Media authority: International reports on Hungary media freedom ‘biased’
NMHH welcomed in a statement all initiatives to assess Hungarian media freedom but said that professional and methodological concerns had been raised in connection with several such reports and rankings.
A review of various international organisations’ reports since 2011 revealed that the rankings applied questionable methodologies and, in several instances, only a few experts had been interviewed, resulting in poorly founded arguments, while in many cases positive developments were left unmentioned, the NMHH said.
In several instances, the same comments were included in the various annual reports despite the fact that the figures had changed in the meantime, such as in a 2017 report of the EU-supported Media Pluralism Monitor showing 75 percent score for access to media for minorities as against 25 percent in the previous year, the statement said. The 2021 Media Pluralism Monitor called Hungary to account regarding implementation of an EU regulation that was only approved in 2022, it added.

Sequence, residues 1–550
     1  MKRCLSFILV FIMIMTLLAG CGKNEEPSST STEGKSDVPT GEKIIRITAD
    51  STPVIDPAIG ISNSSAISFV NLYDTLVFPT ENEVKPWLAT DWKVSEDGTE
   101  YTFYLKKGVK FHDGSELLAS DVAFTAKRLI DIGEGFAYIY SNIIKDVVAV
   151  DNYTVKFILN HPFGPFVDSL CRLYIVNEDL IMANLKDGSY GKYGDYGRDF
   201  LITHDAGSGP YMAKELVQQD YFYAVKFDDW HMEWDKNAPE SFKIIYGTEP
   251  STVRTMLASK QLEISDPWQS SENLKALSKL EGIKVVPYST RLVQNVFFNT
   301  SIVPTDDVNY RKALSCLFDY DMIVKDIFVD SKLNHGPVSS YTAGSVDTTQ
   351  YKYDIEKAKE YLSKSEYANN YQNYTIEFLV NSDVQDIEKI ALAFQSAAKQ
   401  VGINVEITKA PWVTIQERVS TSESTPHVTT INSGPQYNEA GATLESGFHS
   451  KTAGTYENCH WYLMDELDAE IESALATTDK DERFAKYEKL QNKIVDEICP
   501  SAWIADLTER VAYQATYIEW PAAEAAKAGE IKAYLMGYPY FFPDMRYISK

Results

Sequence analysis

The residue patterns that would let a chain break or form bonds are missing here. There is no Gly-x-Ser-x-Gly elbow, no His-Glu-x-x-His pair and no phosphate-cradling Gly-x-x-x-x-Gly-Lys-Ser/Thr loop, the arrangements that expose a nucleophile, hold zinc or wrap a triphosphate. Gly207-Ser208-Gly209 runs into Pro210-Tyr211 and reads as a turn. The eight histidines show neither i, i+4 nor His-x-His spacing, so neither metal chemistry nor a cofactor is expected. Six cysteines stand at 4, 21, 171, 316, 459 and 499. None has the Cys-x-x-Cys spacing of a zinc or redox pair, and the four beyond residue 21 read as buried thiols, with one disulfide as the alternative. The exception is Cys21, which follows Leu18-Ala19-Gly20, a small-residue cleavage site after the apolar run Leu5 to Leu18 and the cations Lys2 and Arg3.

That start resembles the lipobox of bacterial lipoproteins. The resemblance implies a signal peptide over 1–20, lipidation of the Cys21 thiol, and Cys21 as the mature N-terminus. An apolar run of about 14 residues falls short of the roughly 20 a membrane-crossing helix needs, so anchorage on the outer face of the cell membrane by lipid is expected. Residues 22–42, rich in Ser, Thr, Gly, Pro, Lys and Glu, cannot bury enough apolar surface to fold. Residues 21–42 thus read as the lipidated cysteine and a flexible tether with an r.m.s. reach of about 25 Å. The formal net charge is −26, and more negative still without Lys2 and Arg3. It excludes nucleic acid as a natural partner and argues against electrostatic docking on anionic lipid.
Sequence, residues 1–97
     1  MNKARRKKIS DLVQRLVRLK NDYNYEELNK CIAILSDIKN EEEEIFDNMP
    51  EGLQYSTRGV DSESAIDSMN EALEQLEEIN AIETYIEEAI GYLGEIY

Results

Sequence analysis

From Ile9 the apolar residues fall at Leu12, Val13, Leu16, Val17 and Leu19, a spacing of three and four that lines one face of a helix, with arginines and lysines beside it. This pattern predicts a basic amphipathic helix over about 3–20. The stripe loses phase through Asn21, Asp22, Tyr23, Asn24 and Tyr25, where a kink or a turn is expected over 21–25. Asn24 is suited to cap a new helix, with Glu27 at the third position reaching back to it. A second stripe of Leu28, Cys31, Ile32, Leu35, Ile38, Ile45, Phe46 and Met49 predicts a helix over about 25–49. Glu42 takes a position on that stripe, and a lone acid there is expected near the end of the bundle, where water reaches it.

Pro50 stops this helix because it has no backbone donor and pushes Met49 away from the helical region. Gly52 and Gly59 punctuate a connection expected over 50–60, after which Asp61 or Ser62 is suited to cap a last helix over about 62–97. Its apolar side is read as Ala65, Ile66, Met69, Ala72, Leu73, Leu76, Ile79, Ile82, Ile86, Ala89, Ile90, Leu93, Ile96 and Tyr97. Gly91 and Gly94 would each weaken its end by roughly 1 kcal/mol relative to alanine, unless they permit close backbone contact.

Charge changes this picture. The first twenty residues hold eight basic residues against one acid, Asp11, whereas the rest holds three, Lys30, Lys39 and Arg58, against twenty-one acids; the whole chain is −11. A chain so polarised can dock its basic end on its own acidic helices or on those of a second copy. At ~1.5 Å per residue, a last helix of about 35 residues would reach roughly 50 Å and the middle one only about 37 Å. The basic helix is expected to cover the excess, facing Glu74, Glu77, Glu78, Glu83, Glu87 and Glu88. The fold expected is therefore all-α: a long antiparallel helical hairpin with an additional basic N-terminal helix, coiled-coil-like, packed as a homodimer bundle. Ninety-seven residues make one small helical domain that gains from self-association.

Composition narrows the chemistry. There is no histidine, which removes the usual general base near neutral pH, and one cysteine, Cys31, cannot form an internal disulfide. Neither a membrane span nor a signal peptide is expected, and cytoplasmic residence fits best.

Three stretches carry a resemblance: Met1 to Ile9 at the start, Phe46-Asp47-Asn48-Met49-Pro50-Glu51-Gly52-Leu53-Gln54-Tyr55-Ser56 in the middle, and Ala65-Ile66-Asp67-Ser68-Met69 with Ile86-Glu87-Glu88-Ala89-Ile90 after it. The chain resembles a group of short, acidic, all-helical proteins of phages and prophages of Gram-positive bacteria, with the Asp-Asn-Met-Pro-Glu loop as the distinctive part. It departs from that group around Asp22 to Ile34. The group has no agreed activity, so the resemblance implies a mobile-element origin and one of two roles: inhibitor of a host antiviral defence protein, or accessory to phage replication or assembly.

A Freedom House report on media freedom in 2011 stated that the National Authority for Data Protection and Freedom of Information would restrict the freedom of information even before the authority was set up, the NMHH said.
It was also questionable whether groups of writers and experts involved in the preparation of reports were sufficiently diverse or balanced, the authority said. In several instances when it came to Media Pluralism Reports the writers were all from a single university department or news desk, while independent experts were not allowed to properly contribute to the final assessment.
Reports by Freedom House about the freedom of the internet were done by a single staff member of the Hungarian Civil Liberties Union TASZ, which NMHH said was an organisaiton “hardly known for its unbiased criticism” of the government. Reporters Without Borders did not even offer any information about the writers of the reports, it added.
The NMHH report available on the organisation’s website lists further examples.
“The authority trusts that with its constructive critiscism, it will contribute to more professionally well-founded and balanced reports, better reflecting reality, to be published about Hungary’s media situation in the future,” it added.